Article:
• Julianna Fowler, the 5th grade daughter of Benét Laboratories' Michaela Corbari, stands by the 10 boxes that she shipped to the 501st Ordnance Battalion.

    Far from home, but never alone

    Julianna Fowler, the 5th grade daughter of Benét Laboratories' Michaela Corbari, stands by the 10 boxes that she shipped to the 501st Ordnance Battalion.

  • Julianna Fowler stands with mom, Michaela Corbari who works for the Army's Benét Laboratories at the Watervliet Arsenal.

    Far from home, but never alone

    Julianna Fowler stands with mom, Michaela Corbari who works for the Army's Benét Laboratories at the Watervliet Arsenal.

  • Sgt. Maj. of the Army Raymond F. Chandler III, right, took a moment while visiting troops in Iraq to pose with Command Sgt. Maj. Ken Church, 501st Ordnance Battalion, in June 2011.

    Far from home, but never alone

    Sgt. Maj. of the Army Raymond F. Chandler III, right, took a moment while visiting troops in Iraq to pose with Command Sgt. Maj. Ken Church, 501st Ordnance Battalion, in June 2011.

WATERVLIET ARSENAL, N.Y. -- Since the founding of our Army in 1775, Soldiers have not been alone as they marched to the drumbeats of war. Families, friends, and even communities have found ways, albeit bizarre at times, to be part of a Soldier’s sense of duty to fight for the American way of life. Through these connections, support from the homefront has become a combat multiplier, which is as true today as it was 236 years ago.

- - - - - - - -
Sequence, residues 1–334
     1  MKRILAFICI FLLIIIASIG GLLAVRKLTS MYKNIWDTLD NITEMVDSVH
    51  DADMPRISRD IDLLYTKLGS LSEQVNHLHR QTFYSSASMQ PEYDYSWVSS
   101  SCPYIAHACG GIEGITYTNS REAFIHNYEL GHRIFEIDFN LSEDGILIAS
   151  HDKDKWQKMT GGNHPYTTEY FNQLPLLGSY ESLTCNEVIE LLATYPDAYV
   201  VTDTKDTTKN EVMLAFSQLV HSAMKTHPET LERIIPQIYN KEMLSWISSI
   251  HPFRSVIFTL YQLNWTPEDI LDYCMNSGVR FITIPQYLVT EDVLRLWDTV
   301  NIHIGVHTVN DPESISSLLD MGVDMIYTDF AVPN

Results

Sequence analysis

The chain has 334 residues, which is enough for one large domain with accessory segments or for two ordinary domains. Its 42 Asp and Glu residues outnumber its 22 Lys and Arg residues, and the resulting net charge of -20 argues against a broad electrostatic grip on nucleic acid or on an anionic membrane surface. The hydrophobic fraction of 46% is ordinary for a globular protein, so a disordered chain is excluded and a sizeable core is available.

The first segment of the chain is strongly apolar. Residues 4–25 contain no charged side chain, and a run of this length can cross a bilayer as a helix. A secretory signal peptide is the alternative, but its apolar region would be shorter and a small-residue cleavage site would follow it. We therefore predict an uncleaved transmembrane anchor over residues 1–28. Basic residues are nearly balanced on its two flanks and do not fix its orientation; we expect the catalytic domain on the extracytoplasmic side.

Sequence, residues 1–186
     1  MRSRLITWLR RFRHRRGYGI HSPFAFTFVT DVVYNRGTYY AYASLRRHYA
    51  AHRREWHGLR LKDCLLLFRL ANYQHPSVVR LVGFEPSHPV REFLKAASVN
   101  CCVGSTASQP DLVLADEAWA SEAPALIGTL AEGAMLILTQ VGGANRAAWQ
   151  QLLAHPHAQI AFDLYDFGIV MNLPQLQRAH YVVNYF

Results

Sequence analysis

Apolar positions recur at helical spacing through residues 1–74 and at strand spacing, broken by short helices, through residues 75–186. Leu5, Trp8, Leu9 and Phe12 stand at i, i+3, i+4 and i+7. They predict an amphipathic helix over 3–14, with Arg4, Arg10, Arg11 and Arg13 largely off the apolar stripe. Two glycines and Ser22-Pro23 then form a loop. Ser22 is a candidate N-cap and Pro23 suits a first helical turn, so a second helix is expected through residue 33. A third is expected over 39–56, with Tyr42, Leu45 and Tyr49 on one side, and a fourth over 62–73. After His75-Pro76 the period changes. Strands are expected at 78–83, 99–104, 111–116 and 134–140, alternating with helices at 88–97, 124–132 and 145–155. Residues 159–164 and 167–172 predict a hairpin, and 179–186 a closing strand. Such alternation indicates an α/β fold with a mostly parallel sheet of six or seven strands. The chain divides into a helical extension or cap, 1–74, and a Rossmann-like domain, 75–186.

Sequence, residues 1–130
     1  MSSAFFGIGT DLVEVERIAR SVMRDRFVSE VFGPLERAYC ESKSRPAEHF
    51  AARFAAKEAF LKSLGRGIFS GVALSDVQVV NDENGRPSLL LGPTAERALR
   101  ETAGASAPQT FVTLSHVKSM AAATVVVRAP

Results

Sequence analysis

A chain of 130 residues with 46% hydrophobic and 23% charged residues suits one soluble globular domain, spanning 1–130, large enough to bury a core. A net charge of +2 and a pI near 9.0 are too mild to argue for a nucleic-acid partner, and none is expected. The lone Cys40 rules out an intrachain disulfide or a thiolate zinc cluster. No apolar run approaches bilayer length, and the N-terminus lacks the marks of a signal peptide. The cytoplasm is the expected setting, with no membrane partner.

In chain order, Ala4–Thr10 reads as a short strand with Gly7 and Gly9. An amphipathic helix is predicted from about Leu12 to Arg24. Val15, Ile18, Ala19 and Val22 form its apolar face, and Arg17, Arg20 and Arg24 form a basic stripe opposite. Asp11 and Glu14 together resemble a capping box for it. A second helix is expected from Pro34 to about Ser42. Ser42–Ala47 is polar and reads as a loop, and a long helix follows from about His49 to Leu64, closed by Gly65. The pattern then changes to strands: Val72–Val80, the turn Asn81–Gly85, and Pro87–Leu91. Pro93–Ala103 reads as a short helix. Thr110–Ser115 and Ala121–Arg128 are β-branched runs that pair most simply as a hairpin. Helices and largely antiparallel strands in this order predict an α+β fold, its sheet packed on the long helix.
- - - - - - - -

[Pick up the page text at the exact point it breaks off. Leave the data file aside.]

During the Revolutionary War, it was not uncommon for wives to follow their husbands from battlefield to battlefield. One wife in particular, by the name of Margaret Corbin, was one such follower. She served as many other wives did performing such camp duties as cooking and washing. But whenever fighting began, Corbin would rush into combat carrying water to cool down the artillery cannons, thus gaining the nickname of Molly Pitcher.

During the Battle of Fort Washington in 1776, Corbin’s husband was killed while manning a cannon. Upon seeing the cannon unmanned, she immediately stepped in and continued firing the cannon until she was severely wounded. Although captured by the British, she was treated as a Soldier and paroled so that she could recover from her wounds. She would become the first woman to receive a military pension. And today, she is buried at West Point, N.Y.

She was a combat multiplier.

During World War II, communities across America came together to support their warfighters. Families scoured their neighborhoods to collect goods, such as aluminum foil and rubber, which were needed for the war effort. Additionally, entire legions of the American workforce increased their personal savings at unprecedented rates with a significant portion of their payroll going toward the purchase of War Bonds.

American communities, from Bangor, Maine to San Diego, Calif., became combat multipliers.

Today, in a small bastion of Army presence in upstate New York sits the Watervliet Arsenal. This historic center of Army-owned manufacturing has been continuously supporting our nation’s warfighters for nearly 200 years. And by all evidence today, the Arsenal is grooming tomorrow’s generation of combat multipliers.

Several months ago, one of the Arsenal’s employees by the name of Ken Church was recalled to active duty to deploy with his New York Army National Guard unit the 501st Ordnance Battalion (Explosive Ordnance or EOD). Church is the command sergeant major of this unit.